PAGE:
Ever since the news broke that Comcast had been using ‘hacker-like’ techniques to hamper BitTorrent traffic, Comcast’s name has been dragged through the mud, with claim after claim of dirty tricks, lies, half-truths and strategic omission. It seems that nothing could go right for the company. Until this week, that is.
Apparently, everything in the Comcast garden is rosy these days, with previous arch-rival BitTorrent now working things out together over afternoon tea. However, not everyone is celebrating.
In 2007, Robb Topolski discovered and documented the Comcast interference, informed TorrentFreak and we published an article which ignited the whole debate. It’s safe to say, he’s been following this one closely.
Here are his thoughts on the Comcast / BitTorrent reconciliation:
I’m probably a key figure as to why we’re all talking about Network Neutrality again. I was having a problem uploading on Gnutella in early 2007. I tracked it down to Comcast using Sandvine-injected RST packets. Blog stories led to press stories which led to independent confirmation. And here we are today. Peace and harmony? Probably not.
Today Comcast and BitTorrent seems to have solved world hunger — and I’d love nothing more than to be optimistic about it. But I cannot be. As they say on Slashdot — show video, or it didn’t happen. This deal is treachery, relies on how much we can trust the word of Comcast, and leaves the public interests out in the cold.
I think it’s strange that anyone believes a word that Comcast says. This is the Comcast that:
1. Told the FCC in 2005 that they would not degrade traffic in order to convince the FCC that network neutrality regulations were not needed.
2. Started degrading P2P traffic the very next year, and failed to tell anyone what they were doing.
3. Used a system that utilized forgery, and successfully placed blame on the other peer instead of Comcast.
4. Denied it when caught.
5. Then changed their story when the denials were not believed, but still never came out and said what they were doing.
6. Then they justified their actions by throwing their other Cable-Internet brothers and sisters under the bus with their “they do it too!” defense
7. Then stealthily changed the AUP days before an FCC filing where they referred to the new provisions.
8. When the changed AUP started getting press attention, they stated that a prominent story on Comcast.net alerted millions of visitors of the change and accused Marvin Ammori of crying wolf. (Google cache proved that nothing alerted users to the changed AUP until the day after the press started asking questions.)
9. Then they packed the Harvard FCC hearing.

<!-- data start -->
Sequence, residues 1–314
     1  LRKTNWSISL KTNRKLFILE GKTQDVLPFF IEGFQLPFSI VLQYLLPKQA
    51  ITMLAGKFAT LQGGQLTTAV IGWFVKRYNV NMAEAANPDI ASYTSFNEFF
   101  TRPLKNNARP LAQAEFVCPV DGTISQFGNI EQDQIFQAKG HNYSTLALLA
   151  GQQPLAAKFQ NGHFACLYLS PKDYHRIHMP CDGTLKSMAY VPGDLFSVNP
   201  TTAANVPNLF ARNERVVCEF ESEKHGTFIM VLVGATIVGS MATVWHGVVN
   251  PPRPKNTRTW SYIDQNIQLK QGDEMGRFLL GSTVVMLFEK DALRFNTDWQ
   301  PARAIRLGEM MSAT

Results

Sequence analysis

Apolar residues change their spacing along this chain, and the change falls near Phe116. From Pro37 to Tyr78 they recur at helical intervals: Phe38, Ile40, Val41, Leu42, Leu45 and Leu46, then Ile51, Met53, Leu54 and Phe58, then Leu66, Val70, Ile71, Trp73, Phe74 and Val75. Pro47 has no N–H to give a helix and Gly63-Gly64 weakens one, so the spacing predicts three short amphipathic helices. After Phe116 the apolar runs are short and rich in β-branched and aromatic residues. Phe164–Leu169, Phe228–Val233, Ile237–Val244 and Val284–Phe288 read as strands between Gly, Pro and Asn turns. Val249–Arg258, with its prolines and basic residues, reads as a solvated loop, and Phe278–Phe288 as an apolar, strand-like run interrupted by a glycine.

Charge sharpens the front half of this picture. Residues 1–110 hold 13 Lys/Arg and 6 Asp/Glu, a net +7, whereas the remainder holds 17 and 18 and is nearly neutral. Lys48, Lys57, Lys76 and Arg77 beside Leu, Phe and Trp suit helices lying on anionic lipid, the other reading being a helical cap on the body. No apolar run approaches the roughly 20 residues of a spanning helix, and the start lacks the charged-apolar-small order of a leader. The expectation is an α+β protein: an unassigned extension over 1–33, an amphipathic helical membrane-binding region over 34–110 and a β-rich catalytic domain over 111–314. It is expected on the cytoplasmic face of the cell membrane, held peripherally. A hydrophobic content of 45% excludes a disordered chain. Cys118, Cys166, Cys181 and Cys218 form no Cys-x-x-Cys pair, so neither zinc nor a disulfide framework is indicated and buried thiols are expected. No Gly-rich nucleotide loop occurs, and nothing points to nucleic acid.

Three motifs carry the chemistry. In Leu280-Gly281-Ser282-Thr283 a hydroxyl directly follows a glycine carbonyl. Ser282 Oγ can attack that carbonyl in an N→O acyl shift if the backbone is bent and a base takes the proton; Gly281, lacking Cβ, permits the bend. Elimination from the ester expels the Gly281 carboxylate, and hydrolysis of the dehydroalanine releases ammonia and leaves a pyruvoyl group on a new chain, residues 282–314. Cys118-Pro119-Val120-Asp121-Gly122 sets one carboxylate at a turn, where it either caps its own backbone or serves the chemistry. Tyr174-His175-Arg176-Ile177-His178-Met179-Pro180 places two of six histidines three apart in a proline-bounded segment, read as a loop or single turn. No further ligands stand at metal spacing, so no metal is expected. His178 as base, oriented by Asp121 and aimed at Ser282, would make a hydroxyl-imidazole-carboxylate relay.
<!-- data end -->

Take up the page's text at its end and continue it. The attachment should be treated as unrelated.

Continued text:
This company has not demonstrated that you can trust its promises, nor can you believe its assertions. Comcast just used BitTorrent Inc. as a tool to try and defang the FCC.
BitTorrent Inc. is a content provider. Vuze, who actually DID make a complaint and petition to the FCC, is a competitor. Neither BitTorrent, Vuze, nor Comcast represents the interests of 12 million Comcast users nor the The Internet Society nor the public. And this middle-of-the-night deal was made without their input.
Nothing has changed. The RST interference continues. It was a wrongful act. BitTorrent Inc. has no right making a deal with Comcast allowing it to continue to commit wrongful acts until it finally decides it is ready to stop. The correct relief is to stop the interference immediately and to FULLY DISCLOSE what it did and to accept responsibility for those actions. (Even today, Comcast’s Policy VP refused to answer questions about the interference.)
Their word is worthless. Until the interference stops, I have no reason to believe it will. Until either meaningful competition returns to broadband, or until sufficient government regulation enforces Network Neutrality, we have no reason to think that this agreement will last through the night.
TorrentFreak confronted Ashwin Navin of BitTorrent Inc. with Robb’s comments, and he told us: “We decided to collaborate with Comcast because they agreed to stop using RSTs, increase upload capacity, and evaluate network hardware that accelerates media delivery and file transfers. We’re at the beginning of the formal collaboration, but Robb’s work was instrumental to identify the offending practice. We need him and the community to keep an eye on ISPs across the world.”
“Our work with Comcast will benefit all P2P development because Comcast has agreed to manage traffic at Layer 3 (the network layer) rather than Layers 4-7 (the protocol/application layers). This is a core component of the neutrality debate,” he added.
As always, time will tell…